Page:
Have you faced any challenges to your identity as a lesbian comedian?
Challenge-wise, a lot of it is finding your voice and knowing your voice and committing to it and believing in it. I think there’s the same [gender] issues in comedy as there are in any industry — discrepancies between how much you make and who you are compared to because women always have different ideas about how they have to be.
I think about when Hillary Clinton was running [for the Democratic Presidential nomination in 2008] and she cried in New Hampshire and until that moment it was like “oh what a bitch, she has no soul, she’s so cold.” But then she cried and it was “oh, she’s so emotional.” You can’t fucking win. Comedians have the same thing, at least with my stuff: “Oh, so you’re a lesbian, oh, so you’re like Lena Dunham.”
Because I look this way and write, they try to box you in more. I think men have that too, but it’s not empowering for women while it can be for men. For men the roles they’re boxed into are revered, “Oh, you are aggressive, oh, you are outspoken that’s great.” For us those boxes aren’t empowering or supportive. It’s the problem of being in a box.
Why did people compare you to Girls creator Lena Dunham?
I wouldn’t say compared compared, but if you look at a lot of the press we’re getting in the beginning, it was “the lesbian version of Girls” or “like Lena Dunham but on the West Coast.” And that’s fine. I love Girls. I love that show, and she is inspiring in a lot of ways. But you never get that with guys. You never hear, “Zach Galifianakis is a fat Will Ferrell.” They’re just who they are. There are 50 versions of the same male comedian. “Paul Rudd is a nicer version of Ben Stiller.” You don’t hear that.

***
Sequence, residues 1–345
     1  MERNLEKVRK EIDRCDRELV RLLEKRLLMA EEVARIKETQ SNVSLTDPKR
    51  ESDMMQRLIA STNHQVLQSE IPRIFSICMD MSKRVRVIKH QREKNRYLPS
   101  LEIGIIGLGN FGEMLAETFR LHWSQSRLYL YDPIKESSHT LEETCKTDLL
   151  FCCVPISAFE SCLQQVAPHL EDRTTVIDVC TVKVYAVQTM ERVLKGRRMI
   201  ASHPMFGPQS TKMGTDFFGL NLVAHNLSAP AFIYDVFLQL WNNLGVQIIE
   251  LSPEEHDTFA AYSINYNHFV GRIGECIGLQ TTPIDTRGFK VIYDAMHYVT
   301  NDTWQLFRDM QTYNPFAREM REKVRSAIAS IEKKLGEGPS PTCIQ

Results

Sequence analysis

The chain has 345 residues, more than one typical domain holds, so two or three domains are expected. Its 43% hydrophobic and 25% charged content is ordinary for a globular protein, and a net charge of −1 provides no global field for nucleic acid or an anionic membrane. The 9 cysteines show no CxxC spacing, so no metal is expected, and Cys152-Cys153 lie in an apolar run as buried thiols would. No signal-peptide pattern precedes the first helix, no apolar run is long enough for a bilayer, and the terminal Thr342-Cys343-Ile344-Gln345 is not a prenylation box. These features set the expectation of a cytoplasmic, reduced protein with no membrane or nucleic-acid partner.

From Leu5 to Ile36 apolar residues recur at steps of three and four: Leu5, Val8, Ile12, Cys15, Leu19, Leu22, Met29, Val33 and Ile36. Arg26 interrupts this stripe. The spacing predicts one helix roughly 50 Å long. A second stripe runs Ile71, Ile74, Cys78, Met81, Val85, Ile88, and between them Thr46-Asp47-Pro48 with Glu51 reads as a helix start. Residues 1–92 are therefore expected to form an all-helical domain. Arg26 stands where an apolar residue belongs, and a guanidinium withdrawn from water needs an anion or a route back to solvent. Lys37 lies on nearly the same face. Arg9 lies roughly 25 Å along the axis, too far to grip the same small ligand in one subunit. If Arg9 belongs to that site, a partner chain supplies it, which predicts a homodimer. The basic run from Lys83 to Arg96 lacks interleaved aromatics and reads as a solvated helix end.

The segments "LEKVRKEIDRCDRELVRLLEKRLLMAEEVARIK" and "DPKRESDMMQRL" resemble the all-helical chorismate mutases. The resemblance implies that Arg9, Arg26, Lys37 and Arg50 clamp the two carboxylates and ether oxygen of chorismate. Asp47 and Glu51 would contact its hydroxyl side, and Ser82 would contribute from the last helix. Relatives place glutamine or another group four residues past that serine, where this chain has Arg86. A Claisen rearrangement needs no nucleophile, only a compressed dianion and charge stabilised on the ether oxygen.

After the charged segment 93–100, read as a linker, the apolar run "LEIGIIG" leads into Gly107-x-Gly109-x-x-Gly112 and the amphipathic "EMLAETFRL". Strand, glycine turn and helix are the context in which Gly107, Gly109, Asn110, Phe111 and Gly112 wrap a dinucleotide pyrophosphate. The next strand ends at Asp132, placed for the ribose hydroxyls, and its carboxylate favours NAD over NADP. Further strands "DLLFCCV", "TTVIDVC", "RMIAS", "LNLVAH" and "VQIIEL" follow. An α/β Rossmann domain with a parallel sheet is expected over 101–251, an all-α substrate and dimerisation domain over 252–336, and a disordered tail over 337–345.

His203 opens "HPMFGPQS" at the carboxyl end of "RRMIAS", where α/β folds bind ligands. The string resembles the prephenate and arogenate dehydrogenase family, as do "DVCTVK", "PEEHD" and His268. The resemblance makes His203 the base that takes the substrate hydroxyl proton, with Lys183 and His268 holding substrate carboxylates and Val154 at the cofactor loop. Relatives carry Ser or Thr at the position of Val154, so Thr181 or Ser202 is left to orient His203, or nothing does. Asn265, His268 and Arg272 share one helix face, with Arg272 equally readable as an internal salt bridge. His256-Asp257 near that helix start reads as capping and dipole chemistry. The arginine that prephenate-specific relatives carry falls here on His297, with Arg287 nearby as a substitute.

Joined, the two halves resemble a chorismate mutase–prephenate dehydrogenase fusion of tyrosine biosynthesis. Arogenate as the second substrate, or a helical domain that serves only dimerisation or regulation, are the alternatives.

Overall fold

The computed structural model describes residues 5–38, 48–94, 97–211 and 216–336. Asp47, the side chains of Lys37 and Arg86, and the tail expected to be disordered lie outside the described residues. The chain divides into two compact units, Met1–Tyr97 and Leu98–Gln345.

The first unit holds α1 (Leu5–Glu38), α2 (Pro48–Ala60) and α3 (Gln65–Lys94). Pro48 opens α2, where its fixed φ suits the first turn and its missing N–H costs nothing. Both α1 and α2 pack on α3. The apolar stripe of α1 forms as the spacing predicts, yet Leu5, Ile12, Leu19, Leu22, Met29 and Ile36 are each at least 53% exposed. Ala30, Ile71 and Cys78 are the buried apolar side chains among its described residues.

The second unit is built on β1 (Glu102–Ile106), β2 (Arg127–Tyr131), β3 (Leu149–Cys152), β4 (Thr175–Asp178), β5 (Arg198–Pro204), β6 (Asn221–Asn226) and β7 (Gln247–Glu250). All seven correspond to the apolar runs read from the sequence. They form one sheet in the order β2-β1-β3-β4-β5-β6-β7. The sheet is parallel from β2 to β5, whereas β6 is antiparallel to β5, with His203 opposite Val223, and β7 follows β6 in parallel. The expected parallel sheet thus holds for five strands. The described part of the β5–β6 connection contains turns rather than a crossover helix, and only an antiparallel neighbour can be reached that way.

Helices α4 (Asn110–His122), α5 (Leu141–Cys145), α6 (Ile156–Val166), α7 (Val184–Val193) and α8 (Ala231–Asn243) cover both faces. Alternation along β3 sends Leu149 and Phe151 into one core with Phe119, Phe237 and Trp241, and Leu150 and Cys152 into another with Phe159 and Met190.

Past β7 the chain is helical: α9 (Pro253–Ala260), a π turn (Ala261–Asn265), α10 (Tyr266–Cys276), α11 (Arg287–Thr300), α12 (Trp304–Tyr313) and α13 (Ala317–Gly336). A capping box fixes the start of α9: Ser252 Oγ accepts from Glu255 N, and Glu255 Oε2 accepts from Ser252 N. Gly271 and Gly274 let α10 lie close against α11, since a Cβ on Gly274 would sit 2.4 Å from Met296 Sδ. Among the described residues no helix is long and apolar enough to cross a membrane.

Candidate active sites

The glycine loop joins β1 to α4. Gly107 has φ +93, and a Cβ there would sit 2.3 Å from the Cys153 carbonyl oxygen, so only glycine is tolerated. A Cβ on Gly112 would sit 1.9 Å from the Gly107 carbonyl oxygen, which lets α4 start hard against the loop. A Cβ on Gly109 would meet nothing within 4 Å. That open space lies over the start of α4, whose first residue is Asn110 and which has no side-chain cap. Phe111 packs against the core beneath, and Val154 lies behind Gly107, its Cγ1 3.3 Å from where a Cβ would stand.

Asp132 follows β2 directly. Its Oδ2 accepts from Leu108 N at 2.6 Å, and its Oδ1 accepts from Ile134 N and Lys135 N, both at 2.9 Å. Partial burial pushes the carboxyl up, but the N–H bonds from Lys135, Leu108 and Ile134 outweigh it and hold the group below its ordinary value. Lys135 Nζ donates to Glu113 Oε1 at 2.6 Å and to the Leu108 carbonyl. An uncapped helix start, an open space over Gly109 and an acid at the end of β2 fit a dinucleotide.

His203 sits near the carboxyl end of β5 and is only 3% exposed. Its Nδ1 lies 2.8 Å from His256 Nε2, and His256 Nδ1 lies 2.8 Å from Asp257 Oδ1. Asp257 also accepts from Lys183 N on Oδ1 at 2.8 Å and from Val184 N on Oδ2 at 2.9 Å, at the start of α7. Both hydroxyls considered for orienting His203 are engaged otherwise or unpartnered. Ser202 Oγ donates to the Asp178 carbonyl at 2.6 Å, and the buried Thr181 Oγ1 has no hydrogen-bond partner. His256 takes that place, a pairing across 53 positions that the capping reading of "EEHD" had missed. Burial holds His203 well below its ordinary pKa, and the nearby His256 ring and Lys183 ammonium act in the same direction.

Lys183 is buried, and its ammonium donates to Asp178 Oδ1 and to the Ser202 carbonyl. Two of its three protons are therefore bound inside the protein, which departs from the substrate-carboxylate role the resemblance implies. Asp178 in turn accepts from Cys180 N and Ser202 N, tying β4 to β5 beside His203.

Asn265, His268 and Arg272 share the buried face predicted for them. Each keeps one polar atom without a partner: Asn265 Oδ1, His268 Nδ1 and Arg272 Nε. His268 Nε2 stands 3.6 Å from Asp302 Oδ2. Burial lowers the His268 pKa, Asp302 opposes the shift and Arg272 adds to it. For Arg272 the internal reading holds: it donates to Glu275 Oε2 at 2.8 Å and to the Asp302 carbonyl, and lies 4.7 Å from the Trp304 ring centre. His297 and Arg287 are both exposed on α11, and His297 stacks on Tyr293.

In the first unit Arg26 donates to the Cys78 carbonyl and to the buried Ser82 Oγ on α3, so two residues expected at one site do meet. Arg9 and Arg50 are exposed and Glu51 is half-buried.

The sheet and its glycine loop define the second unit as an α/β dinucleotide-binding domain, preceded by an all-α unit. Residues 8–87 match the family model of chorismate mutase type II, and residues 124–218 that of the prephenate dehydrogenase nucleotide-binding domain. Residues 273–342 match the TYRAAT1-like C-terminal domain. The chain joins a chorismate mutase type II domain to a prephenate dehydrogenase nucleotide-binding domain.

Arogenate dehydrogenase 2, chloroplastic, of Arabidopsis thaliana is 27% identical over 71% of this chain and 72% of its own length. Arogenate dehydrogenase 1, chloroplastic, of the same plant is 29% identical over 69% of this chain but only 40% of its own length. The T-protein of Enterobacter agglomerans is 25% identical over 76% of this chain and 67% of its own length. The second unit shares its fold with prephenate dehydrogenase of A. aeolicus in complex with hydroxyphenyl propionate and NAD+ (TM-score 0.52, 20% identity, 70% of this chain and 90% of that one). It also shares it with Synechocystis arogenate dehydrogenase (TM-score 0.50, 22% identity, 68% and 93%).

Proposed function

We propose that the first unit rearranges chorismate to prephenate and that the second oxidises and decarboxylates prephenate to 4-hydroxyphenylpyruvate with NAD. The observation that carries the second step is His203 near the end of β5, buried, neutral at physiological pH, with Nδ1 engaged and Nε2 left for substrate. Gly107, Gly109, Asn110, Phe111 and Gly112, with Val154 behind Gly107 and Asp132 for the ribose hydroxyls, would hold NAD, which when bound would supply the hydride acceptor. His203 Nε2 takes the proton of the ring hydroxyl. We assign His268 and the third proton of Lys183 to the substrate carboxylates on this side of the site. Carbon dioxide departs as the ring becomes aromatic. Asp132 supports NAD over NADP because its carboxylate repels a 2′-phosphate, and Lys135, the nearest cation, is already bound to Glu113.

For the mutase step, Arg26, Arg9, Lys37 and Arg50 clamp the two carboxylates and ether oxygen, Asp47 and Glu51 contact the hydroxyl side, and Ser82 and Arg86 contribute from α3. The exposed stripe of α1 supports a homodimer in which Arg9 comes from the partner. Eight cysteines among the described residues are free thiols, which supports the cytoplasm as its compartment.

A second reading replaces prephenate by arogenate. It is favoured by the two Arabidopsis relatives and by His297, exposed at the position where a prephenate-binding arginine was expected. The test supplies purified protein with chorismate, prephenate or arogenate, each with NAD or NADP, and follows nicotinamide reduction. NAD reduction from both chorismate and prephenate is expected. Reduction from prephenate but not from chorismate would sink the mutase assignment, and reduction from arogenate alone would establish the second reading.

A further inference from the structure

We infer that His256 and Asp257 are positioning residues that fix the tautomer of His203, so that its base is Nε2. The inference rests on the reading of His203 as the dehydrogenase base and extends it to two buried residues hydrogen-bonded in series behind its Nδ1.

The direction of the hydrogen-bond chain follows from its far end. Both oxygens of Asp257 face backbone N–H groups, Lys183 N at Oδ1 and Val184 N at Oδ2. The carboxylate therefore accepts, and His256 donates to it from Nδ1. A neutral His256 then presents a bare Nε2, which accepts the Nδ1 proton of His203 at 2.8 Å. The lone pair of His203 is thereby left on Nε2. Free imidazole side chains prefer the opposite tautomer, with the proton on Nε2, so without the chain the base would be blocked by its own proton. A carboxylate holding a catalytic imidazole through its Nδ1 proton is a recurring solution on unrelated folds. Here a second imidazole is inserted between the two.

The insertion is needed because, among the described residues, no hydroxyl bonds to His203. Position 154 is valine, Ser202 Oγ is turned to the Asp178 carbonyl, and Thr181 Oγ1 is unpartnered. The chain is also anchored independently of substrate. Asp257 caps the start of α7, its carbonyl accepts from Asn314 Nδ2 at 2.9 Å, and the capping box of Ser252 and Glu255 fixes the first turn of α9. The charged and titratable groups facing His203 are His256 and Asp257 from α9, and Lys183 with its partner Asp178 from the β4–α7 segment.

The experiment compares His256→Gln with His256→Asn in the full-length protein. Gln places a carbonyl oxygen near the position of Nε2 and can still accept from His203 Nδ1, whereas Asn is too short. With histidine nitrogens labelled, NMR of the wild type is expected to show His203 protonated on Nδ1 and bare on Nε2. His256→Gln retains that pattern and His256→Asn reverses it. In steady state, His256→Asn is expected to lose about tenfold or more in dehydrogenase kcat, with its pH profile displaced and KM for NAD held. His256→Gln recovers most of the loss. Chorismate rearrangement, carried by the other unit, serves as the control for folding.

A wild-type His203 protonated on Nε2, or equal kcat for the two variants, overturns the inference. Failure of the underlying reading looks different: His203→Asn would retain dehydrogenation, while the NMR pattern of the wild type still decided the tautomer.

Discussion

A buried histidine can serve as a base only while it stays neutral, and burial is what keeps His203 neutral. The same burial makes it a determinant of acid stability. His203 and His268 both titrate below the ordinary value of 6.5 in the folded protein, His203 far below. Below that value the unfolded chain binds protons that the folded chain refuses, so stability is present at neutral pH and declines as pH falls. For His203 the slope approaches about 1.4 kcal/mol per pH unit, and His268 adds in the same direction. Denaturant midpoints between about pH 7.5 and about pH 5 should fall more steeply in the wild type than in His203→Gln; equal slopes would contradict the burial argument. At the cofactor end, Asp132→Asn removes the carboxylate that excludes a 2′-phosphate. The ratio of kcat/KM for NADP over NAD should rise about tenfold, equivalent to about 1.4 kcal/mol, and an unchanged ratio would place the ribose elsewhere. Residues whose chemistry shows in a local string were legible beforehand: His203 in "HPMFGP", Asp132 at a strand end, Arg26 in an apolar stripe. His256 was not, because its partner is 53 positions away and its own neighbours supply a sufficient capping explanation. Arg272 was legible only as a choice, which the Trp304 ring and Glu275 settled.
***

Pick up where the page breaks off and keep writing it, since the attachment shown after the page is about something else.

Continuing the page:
Recently, an email kicking a comedian off a show because the planners “already had too many women” made headlines. Do women actually get their gigs canceled because there are too many women booked to perform in one night?
I’ve heard that before but that one was a surprisingly poorly executed version of that happening. It happens all the time but not as boldly as in an email like that. Usually people are a little more nuanced about the way they do that.
I feel like we went through this period where first every show had to have a black person and it was totally tokenized. Now, we’re getting to a place where it is beyond tokenization, where you have your headcount person going “oh here’s our favorite woman, here’s our black person, here’s our funny Asian” and now I think we’re moving into where it should be, with people and different stories. But that’s not going to change until the people making the decisions, people doing the bookings, people doing the writing, the show-running execs, are a diverse group too. That’s the only way it can really change.